The mayor noted that the telephone tax used to build Chicago’s $217 million 911 emergency center was due to expire, blowing “a huge hole” in the city budget. Even at the current tax rate of $2.50 per month, the corporate fund subsidizes the Office of Emergency Management and Communications to the tune of $40 million per year.

“They had to renew it and in renewing it, it’s also an opportunity to be clear that I don’t think we should be subsidizing it from the corporate account. 911, which all of us rely on, plus OEMC and all the services they provide on major events like the winter storm should be self-sufficient and independent,” Emanuel said then.

A team of analysts from Moody’s Investors was more definitive when asked whether the 56 percent telephone tax hike could allow Emanuel to reduce the $250 million property tax increase or put it off until after Feb. 24 election.

“If they raised the tax and it generated more revenue than was needed to actually fund what they’ve earmarked it to fund and they diverted some of that revenue to the pension system, that would be [fine]. It would essentially be more money going to the pension system,” said assistant vice-president and analyst Matthew Butler.

Moody’s Vice-President and Senior Analyst Rachel Cortez added, “However the city chooses to fund its pensions, that’s up to them. They do have a lot of revenue-raising options that other municipalities don’t. A non-home rule municipality in a tax capped county in Illinois cannot raise property taxes beyond a certain point. Chicago can. So, all of the questions about, `What could the mayor and the City Council do,’ it’s kind of, whatever they want to do.”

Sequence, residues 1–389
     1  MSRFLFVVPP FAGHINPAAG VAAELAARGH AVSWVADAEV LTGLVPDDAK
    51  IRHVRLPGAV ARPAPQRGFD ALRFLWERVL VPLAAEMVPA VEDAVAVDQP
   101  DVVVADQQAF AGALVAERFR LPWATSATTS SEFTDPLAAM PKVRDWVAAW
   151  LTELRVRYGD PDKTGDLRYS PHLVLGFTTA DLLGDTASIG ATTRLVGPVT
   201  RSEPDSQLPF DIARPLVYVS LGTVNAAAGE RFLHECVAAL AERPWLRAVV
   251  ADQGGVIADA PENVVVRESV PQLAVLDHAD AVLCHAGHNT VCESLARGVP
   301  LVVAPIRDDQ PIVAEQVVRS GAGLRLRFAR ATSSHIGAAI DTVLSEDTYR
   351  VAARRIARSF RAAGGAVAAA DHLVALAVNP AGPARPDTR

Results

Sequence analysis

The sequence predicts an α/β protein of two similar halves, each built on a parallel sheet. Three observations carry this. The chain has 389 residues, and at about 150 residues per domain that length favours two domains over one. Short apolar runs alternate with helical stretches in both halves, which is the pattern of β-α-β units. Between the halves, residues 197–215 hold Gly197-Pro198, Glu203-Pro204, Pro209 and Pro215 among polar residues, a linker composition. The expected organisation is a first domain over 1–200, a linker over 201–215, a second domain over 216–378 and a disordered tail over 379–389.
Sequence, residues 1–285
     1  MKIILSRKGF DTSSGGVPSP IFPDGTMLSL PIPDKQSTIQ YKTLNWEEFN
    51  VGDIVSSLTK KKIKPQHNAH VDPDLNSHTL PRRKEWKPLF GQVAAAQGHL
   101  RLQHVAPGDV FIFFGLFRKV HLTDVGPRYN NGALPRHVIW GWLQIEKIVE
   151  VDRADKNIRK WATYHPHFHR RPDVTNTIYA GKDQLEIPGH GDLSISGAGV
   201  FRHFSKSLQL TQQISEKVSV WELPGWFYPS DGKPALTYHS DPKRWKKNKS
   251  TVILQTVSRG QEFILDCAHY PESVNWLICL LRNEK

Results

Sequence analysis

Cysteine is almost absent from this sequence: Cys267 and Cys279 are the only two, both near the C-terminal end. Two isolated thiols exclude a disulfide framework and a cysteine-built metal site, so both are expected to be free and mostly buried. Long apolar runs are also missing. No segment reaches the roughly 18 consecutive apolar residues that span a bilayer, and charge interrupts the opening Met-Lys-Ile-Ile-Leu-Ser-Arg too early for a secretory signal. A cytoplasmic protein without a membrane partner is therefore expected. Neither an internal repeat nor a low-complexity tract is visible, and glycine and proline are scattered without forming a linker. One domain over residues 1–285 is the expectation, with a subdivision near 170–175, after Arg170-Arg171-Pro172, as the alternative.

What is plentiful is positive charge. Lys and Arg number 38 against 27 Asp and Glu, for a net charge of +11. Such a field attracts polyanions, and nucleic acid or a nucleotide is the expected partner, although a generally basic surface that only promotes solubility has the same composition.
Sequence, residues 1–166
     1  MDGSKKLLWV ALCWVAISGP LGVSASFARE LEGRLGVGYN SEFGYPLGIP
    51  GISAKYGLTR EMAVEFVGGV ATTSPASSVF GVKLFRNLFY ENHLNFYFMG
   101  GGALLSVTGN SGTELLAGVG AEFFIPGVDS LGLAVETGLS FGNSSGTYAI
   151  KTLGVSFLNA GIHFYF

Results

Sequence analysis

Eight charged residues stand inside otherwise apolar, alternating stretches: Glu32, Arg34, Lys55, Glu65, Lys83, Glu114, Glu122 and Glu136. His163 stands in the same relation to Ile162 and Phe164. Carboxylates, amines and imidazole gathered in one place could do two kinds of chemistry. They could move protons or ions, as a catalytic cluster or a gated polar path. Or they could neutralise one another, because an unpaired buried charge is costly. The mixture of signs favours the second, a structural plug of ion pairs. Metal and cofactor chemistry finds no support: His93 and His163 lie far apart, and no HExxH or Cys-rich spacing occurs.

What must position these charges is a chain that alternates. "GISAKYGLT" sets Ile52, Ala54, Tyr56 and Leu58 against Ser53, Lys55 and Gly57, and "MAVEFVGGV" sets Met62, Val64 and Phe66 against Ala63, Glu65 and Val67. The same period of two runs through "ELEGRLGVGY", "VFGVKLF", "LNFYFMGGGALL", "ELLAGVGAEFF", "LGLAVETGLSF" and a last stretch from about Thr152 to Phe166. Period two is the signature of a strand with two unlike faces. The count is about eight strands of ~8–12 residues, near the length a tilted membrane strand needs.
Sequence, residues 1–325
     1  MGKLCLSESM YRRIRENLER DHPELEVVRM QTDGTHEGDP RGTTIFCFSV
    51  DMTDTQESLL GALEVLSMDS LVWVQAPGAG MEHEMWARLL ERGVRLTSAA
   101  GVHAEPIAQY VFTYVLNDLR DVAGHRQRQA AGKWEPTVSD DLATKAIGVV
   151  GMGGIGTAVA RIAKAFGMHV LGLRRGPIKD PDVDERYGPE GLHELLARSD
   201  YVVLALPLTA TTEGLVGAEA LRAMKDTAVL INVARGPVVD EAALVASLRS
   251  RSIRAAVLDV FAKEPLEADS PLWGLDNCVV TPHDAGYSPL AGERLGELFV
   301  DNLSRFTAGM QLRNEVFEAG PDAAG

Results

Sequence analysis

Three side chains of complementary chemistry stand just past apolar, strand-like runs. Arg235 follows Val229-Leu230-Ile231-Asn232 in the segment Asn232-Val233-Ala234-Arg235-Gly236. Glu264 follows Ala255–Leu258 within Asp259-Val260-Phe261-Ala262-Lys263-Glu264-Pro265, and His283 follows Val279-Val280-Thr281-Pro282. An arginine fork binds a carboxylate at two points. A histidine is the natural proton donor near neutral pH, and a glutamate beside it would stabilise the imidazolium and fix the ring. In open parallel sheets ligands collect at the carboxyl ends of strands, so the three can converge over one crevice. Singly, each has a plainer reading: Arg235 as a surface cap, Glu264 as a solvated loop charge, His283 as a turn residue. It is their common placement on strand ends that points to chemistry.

Chicagoans have been paying the telephone tax since 1990, when then-Mayor Richard M. Daley imposed a $1.25-a-month tax to bankroll a new 911 emergency center.

The tax applied only to land lines until 1997, when it was extended to cellular phone service to take advantage of an exploding market.

Eleven years later, the telephone tax was doubled—to $2.50-a-month—to raise an additional $48 million.

For weeks, there has been rampant speculation that Quinn will either veto the bill outright or issue some kind of amendatory veto by Monday’s deadline.

The speculation was fueled by Quinn’s “no can do” declaration that forced Emanuel to strike all references to the property tax increase from the bill to win approval from the Illinois General Assembly and by the frosty relationship the two powerful Democrats have had since Emanuel took office.

It was exacerbated by the fact that Republican gubernatorial candidate Bruce Rauner has urged Quinn to veto the bill while the Rauner campaign makes robo-calls urging Chicago voters to turn up the heat on Quinn.

Quinn did not hold a news conference to herald the signing of the telephone tax hike.

His spokesman Grant Klinzman would say only that the bill “extends the Wireless Emergency Telephone Safety Act” until July 1, 2015.

“This critical extension ensures that emergency 9-1-1 services continue uninterrupted in counties and municipalities throughout Illinois. If the law had expired, funding to local 9-1-1 systems would have ceased in the coming weeks,” Klinzman wrote in an email to the Sun-Times.